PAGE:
Much of his photographic imagery was taken at events such as Living in leather (Portland, Chicago), The Fetish Factor (East Village), the SMACK parties, Wigstock (Tompkins Square), The Eulenspiegel Society (New York City), Mayday (Seattle), The Black Rose (Washington D.C). The Power Exchange, and The Fetish Fantasy Flea market (Boston).  Some of his work has been compared to that of other famous photographers, such as Robert Mapplethorpe, and Helmut Newton, but he prefers to see his work more in the light of such photographers as Weegee, W. Eugene Smith, and Erich Salomon. Their dedication and artistry allowed them to use the camera to capture the living core of human experiences.


What the artist tries to tell us through his lens is the idea that these forms of radical play and alternate cultures are not the symptom of some bizarre mental illness, not anti-social behavior, or a sign of society disintegrating into degeneracy that it has so long been perceived to be by those who fail or refuse to understand or accept it, but that these cultures are a natural outreach of the curious and an exploration of the self by those chosen few who’s inner voices dare them to walk down forbidden paths to seek an inner truth.


Photograph: Efrain John Gonzalez. Beautiful Francis working the old West Side Highway. Circa 1986. Photo from the Hellfire Press Archive.



Start: March 6, 2014 7:00 PM
End: March 6, 2014 10:00 PM
Venue: Bureau of General Services–Queer Division
Phone: 646 457 0859
83A Hester St., New York, NY, 10002, United States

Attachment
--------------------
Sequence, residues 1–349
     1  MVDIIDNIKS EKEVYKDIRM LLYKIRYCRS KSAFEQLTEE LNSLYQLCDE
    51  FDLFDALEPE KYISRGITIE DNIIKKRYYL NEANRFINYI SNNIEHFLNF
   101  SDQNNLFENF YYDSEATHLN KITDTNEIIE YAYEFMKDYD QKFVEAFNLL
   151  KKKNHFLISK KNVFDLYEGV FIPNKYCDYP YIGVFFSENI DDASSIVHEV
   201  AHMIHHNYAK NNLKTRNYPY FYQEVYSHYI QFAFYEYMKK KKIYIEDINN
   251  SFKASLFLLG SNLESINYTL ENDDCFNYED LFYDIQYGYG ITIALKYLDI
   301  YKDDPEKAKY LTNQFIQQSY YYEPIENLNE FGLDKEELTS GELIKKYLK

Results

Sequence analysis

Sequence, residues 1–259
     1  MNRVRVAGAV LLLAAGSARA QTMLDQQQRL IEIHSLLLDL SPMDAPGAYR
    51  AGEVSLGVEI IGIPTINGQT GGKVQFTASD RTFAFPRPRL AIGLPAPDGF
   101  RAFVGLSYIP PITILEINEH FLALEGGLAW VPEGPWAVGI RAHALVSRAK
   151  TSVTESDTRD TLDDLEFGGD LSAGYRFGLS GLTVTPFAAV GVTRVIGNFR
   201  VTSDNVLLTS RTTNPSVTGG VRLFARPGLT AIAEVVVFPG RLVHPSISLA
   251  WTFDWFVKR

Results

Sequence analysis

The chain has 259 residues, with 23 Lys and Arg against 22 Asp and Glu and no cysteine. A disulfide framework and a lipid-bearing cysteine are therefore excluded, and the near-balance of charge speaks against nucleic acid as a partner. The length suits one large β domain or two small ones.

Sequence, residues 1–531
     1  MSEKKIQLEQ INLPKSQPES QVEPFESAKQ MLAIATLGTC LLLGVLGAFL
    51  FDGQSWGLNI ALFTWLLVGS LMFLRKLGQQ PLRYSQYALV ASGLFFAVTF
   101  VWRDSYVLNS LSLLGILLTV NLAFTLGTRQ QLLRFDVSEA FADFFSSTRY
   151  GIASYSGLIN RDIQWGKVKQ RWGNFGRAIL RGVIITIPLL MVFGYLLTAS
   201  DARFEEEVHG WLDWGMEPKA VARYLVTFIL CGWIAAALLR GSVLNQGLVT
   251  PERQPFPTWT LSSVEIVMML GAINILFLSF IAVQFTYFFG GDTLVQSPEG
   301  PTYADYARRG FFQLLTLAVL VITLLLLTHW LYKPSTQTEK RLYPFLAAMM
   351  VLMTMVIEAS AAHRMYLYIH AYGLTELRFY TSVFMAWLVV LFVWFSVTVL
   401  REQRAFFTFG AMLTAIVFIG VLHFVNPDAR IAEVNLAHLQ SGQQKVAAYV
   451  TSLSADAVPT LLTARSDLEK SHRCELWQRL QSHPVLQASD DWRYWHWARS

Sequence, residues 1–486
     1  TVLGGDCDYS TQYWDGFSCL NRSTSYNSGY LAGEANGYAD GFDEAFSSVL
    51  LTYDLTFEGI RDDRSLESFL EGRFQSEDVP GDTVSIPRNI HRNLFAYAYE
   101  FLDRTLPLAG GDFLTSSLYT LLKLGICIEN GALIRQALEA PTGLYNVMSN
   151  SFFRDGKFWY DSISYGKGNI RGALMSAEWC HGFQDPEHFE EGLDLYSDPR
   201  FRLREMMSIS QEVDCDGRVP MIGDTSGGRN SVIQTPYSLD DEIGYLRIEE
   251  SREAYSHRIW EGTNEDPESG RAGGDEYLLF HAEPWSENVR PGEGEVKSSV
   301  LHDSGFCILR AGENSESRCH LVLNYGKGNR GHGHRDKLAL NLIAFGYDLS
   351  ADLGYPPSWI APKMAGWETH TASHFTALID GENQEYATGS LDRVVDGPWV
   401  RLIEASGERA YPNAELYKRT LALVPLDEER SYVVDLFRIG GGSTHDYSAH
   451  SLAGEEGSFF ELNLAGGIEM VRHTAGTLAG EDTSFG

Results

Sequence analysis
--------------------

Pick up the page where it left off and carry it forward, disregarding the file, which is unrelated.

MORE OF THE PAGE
February 28, 2014



TELL is an evening of story telling from the mouths and minds of queers in NYC.  Hosted by Drae Campbell at the Bureau of General Services—Queer Division. Magic is the theme of the first installment of TELL.
Featuring special guests: Heather María Ács, Merrie Cherry, Mizz June, Foxy Squire, and Judy Yu.

This event is free. We will pass a hat on behalf of the performers.

The Bureau is not wheelchair accessible–up one flight of stairs.

The Bureau has a gender-neutral bathroom.

Heather María Ács is a performing artist, activist, curator, educator and high-femme troublemaker. Her work has been featured in festivals, theatres, galleries, conferences, and universities internationally.  She is the Co-Director of Heels on Wheels, a queer femme-inine spectrum, all genders performance group. Heather has worked with Mx. Justin Vivian Bond, Nao Bustamante, Lois Weaver, J. Ed Araiza (SITI Company), and Paula Pell (SNL). Film credits include Building No. 7, dir. Steven Soderbergh; blink, dir. Silas Howard; Sunset Stories (SXSW); and Michelle in Valencia (the movies): Chapter 9 based on the novel by Michelle Tea. Heather has worked as a teaching artist in NYC public schools for over a decade. heatheracs.comheelsonwheelsroadshow.com


Drae Campbell